NASA astronaut and COL (R) Jeffrey Williams ’80, who played a key role in the design, construction, and operation of the International Space Station, is retiring on Sunday, Jan. 14, 2024, after more than 27 years of service at the agency.
The two-time station commander spent 534 cumulative days in space spanning four trips to the space station. He spent nearly 32 hours outside of the orbital laboratory on five spacewalks.
“Jeff’s dedication and commitment to advancing NASA’s mission for the benefit of all humanity is truly admirable,” said NASA Johnson Space Center Director Vanessa Wyche. “His willingness to go above and beyond has impacted several generations and will continue to inspire future generations to come.”
In addition to his time in space, he tested and evaluated the space station’s U.S. laboratory module Destiny during its final assembly at NASA’s Marshall Space Flight Center in Huntsville, Alabama, led the development of a space shuttle cockpit upgrade, worked in legislative affairs at NASA Headquarters in Washington, commanded a nine-day NEEMO (NASA Extreme Environment Mission Operations) mission in the Aquarius undersea habitat off the coast of Florida, and worked extensively in spacewalk development.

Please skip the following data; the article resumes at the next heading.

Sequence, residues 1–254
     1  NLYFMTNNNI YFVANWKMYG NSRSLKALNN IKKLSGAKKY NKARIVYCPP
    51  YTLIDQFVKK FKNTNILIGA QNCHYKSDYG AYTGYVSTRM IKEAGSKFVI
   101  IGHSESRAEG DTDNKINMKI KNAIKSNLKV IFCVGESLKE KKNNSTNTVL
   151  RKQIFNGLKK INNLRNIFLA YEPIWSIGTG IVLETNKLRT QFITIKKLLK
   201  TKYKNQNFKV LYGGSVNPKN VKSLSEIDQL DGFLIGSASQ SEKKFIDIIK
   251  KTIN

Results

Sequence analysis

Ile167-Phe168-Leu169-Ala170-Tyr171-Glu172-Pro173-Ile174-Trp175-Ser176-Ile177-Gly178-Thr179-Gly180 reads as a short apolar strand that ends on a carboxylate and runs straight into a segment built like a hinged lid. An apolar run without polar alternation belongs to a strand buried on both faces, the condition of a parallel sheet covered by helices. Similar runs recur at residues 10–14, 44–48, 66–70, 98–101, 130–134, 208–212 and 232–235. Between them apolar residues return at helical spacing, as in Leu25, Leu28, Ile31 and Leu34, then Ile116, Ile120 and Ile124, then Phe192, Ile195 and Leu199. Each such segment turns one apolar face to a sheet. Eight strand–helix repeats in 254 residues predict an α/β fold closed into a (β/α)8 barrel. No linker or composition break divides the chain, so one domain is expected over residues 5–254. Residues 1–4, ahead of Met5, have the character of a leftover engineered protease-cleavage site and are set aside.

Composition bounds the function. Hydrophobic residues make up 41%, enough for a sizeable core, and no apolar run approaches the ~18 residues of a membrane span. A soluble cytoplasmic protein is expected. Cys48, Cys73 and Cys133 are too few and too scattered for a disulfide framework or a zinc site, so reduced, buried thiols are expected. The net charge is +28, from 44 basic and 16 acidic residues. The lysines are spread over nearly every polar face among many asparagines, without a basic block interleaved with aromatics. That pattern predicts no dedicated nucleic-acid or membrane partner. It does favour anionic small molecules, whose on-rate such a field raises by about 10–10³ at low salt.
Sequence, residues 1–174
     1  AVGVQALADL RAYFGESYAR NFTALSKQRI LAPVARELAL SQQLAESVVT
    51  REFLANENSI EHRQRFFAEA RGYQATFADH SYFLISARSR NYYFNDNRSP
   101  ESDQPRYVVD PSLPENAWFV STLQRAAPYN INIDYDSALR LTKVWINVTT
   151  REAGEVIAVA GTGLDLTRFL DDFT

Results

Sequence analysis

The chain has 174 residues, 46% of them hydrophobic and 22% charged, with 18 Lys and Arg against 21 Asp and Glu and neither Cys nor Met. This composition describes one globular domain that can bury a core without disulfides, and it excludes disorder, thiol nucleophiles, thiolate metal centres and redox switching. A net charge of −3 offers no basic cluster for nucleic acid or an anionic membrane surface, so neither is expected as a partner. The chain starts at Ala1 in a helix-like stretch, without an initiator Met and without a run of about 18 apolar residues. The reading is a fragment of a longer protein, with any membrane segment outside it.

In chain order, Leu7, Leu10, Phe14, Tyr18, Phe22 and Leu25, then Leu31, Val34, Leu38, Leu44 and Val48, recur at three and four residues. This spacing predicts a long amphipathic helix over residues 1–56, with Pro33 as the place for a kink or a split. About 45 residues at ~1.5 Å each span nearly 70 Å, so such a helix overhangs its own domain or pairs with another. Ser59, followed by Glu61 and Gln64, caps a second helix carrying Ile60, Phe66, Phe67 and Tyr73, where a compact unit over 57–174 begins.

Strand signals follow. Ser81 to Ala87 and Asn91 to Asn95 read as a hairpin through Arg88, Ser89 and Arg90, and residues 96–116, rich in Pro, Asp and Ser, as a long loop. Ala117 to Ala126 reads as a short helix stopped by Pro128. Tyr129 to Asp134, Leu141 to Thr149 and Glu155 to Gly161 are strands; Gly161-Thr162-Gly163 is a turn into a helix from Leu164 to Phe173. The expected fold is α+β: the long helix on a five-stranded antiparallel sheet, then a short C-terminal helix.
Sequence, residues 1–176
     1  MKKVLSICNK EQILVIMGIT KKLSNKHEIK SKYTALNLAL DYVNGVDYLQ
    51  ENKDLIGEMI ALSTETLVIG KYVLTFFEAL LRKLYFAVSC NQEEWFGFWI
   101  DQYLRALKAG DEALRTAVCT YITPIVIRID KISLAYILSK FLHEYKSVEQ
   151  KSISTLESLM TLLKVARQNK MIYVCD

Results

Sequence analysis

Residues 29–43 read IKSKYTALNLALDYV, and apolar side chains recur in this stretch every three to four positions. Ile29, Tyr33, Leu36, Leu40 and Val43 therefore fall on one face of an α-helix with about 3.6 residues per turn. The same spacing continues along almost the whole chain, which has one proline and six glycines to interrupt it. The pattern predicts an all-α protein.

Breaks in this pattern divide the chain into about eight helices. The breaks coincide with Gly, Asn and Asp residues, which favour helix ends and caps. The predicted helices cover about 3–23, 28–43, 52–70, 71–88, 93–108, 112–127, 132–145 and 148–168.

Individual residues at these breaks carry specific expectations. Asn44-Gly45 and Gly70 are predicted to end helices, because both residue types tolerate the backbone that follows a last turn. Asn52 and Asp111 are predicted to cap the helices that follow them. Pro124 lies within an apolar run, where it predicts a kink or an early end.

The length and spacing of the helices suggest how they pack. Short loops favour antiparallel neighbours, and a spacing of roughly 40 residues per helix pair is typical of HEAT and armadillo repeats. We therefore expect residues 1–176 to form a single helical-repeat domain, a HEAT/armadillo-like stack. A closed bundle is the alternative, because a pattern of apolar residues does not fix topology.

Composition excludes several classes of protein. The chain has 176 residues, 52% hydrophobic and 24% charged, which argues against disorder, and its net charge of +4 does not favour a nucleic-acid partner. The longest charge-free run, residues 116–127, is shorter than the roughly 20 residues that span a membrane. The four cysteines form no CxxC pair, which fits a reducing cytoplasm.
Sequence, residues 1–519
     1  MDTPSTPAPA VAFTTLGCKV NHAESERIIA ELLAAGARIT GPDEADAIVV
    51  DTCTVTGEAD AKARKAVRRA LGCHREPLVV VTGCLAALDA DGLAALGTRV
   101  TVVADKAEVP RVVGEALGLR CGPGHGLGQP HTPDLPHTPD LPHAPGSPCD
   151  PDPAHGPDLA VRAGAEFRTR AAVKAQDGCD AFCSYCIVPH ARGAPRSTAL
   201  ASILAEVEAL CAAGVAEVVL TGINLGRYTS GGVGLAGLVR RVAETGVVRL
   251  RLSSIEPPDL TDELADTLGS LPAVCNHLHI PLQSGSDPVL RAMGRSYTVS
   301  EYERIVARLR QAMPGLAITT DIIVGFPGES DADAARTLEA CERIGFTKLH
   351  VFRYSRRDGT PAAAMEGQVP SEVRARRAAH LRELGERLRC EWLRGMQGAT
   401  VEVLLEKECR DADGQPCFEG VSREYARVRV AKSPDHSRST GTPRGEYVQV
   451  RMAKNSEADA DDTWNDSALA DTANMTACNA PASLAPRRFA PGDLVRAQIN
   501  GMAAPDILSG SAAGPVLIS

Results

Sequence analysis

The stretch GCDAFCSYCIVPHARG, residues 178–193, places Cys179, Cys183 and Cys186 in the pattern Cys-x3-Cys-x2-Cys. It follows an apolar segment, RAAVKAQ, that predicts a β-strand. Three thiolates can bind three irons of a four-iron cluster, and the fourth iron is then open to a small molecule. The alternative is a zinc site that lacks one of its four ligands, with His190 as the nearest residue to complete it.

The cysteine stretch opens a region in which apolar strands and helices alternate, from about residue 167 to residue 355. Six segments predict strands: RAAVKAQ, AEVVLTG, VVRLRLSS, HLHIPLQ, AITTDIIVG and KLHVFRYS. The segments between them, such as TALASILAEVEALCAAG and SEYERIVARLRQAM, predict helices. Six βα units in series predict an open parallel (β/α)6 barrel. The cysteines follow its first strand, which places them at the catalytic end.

Since 2017, he has been assistant director of Flight Operations at NASA’s Johnson Space Center in Houston. Among his many accomplishments, he served as chair of the Multinational Crew Operations Panel, responsible for International Space Station crew assignments, qualifications, and training. Most recently, he served on a review board overseeing development of lunar surface projects for the Moon to Mars architecture.